Types of Infinity

# Types of Infinity - Types of Infinity Most students have...

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Types of Infinity Most students have run across infinity at some point in time prior to a calculus class. However, when they have dealt with it, it was just a symbol used to represent a really, really large positive or really, really large negative number and that was the extent of it. Once they get into a calculus class students are asked to do some basic algebra with infinity and this is where they get into trouble. Infinity is NOT a number and for the most part doesn’t behave like a number. However, despite that we’ll think of infinity in this section as a really, really, really large number that is so large there isn’t another number larger than it. This is not correct of course, but may help with the discussion in this section. Note as well that everything that we’ll be discussing in this section applies only to real numbers. If you move into complex numbers for instance things can and do change. So, let’s start thinking about addition with infinity. When you add two non-zero numbers you get a new number. For example, . With infinity this is not true. With infinity you have the following. In other words, a really, really large positive number ( ) plus any positive number, regardless of the size, is still a really, really large positive number. Likewise, you can add a negative number ( i.e. ) to a really, really large positive number and stay really, really large and positive. So, addition involving infinity can be dealt with in an intuitive way if you’re careful. Note as well that the a must NOT be negative infinity. If it is, there are some serious issues that we need to deal with as we’ll see in a bit. Subtraction with negative infinity can also be dealt with in an intuitive way in most cases as well. A really, really large negative number minus any positive number, regardless of its size, is still a really, really large negative number. Subtracting a negative number ( i.e. ) from a really, really large negative number will still be a really, really large negative number. Or,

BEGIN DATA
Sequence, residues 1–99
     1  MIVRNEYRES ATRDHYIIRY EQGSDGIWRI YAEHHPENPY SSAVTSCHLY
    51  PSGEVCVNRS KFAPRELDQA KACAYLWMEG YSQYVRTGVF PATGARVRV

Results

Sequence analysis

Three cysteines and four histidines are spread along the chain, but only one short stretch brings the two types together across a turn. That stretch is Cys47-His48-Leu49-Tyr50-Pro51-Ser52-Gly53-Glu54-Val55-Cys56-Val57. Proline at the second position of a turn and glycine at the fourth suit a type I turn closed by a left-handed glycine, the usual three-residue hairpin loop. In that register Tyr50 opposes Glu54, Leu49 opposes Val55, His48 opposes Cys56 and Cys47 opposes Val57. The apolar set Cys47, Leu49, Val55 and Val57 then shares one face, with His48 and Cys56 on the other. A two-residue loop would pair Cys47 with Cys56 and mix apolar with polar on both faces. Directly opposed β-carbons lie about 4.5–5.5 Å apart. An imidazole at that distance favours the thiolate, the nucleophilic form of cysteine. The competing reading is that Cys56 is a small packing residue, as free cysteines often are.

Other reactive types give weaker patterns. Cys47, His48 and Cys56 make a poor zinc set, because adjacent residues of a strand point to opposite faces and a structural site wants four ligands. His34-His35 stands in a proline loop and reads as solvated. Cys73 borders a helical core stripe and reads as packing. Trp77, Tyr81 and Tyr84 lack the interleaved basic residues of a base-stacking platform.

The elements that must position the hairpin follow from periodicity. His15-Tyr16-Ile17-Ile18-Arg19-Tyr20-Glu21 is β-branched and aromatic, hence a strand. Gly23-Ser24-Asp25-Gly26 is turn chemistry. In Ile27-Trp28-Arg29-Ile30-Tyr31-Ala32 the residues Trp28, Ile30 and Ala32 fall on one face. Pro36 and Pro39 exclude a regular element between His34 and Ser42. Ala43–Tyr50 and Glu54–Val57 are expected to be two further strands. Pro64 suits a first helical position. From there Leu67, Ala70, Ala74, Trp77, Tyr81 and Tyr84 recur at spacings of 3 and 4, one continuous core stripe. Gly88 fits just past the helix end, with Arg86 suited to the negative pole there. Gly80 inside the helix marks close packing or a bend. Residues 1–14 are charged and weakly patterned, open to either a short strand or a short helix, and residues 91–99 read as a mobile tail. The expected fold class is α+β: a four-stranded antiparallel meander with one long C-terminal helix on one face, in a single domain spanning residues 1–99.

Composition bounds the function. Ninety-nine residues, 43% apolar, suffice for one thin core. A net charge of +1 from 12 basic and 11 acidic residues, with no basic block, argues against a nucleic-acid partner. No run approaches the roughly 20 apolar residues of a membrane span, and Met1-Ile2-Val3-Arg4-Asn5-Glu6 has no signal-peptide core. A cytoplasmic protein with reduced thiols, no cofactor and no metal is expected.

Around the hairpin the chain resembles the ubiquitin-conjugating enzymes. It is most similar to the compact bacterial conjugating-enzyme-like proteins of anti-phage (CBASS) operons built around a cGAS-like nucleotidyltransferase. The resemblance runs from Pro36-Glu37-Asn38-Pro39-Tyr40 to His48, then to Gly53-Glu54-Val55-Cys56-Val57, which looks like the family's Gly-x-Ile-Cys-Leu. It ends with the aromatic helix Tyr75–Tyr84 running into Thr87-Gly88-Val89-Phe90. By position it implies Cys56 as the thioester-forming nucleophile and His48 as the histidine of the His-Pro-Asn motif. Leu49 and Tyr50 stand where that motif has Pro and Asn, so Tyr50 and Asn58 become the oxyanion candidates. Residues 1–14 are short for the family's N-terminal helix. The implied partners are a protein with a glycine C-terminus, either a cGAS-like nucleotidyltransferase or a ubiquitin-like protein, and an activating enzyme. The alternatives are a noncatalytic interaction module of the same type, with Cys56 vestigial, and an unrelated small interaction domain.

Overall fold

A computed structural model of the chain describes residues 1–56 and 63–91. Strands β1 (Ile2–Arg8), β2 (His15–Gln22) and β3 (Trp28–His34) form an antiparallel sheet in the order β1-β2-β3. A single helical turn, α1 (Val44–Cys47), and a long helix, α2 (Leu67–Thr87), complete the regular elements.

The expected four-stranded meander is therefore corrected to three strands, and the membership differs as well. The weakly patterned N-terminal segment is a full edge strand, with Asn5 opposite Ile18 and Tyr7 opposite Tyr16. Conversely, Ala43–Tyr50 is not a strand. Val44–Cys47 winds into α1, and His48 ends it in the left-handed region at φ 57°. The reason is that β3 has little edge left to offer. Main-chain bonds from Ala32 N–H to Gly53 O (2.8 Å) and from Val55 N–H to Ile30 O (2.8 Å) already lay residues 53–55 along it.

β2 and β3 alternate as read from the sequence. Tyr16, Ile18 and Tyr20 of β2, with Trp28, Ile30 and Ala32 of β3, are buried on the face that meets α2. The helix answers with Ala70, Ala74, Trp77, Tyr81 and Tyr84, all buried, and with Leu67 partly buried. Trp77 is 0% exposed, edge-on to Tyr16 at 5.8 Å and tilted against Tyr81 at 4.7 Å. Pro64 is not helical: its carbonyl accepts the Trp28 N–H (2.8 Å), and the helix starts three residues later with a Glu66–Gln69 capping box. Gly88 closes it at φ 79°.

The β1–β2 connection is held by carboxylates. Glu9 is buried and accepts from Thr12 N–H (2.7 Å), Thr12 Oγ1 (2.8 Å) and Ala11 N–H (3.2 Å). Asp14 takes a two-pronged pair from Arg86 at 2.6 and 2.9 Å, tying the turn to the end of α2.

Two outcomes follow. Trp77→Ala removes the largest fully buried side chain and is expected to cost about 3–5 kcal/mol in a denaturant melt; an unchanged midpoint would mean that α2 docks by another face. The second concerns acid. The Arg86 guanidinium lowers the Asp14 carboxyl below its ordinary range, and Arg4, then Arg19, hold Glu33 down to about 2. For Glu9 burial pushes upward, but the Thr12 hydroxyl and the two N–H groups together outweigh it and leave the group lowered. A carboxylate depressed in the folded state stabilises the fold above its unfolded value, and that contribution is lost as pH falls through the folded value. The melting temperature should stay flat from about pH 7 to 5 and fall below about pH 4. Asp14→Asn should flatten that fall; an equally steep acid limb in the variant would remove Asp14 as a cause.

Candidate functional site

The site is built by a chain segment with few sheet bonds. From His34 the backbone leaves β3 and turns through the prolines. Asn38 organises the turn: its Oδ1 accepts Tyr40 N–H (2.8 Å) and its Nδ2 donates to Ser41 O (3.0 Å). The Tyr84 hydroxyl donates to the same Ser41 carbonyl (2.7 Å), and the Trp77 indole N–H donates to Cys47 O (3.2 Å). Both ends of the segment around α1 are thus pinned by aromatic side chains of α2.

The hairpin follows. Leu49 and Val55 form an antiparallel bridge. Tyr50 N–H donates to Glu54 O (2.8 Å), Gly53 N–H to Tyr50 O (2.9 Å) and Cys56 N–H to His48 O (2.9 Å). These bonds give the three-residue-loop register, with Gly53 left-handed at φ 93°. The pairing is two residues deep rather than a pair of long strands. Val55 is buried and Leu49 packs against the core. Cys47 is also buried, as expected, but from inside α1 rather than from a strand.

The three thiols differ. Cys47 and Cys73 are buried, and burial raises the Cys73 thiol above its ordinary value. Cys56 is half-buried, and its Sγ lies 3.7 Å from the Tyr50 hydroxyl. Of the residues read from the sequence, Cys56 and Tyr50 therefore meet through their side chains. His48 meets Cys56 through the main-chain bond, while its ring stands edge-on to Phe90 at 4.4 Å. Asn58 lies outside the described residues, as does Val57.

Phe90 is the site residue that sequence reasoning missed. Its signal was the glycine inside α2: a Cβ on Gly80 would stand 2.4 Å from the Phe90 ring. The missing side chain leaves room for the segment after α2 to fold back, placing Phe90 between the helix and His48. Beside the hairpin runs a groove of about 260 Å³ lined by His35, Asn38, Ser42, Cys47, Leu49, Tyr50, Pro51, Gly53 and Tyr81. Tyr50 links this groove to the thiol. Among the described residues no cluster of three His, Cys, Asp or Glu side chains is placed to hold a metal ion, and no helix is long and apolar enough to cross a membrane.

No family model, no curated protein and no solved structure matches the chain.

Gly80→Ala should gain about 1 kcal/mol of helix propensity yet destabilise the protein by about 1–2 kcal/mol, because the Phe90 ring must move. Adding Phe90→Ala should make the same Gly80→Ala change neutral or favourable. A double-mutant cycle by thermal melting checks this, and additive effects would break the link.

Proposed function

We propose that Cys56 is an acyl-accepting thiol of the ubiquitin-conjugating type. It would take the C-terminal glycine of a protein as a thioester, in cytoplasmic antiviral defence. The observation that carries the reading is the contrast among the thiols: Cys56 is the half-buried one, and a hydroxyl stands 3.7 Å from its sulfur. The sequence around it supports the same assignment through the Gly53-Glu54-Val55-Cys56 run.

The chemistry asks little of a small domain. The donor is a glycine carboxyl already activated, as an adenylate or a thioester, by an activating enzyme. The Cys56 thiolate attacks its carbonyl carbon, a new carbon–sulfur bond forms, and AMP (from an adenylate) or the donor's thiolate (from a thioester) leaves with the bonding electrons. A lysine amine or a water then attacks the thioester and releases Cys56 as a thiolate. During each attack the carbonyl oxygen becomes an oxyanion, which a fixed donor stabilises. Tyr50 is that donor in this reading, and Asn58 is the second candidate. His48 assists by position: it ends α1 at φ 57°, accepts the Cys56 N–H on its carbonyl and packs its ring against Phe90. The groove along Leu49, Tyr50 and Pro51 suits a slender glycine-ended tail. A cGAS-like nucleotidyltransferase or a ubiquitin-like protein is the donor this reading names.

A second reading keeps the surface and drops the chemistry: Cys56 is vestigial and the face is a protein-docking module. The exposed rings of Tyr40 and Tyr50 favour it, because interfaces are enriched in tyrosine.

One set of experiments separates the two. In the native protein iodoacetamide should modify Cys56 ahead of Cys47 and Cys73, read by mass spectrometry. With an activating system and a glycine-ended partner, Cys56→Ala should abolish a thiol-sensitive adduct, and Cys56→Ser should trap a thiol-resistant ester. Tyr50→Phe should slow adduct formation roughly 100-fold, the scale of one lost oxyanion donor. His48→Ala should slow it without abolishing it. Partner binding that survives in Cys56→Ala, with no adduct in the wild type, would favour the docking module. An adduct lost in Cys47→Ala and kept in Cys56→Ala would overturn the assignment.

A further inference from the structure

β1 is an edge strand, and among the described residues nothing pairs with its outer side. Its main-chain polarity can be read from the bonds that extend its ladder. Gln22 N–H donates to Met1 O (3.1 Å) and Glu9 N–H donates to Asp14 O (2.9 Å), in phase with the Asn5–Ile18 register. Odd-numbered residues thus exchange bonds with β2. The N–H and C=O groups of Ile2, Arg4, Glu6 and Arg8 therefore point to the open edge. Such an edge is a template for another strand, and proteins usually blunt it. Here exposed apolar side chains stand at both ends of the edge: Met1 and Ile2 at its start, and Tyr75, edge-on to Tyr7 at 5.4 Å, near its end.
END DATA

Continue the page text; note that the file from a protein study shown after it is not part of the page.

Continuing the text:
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Again, a must not be negative infinity to avoid some potentially serious difficulties. Multiplication can be dealt with fairly intuitively as well. A really, really large
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## This note was uploaded on 11/06/2011 for the course MATH 151 taught by Professor Sc during the Fall '08 term at Rutgers.

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Types of Infinity - Types of Infinity Most students have...

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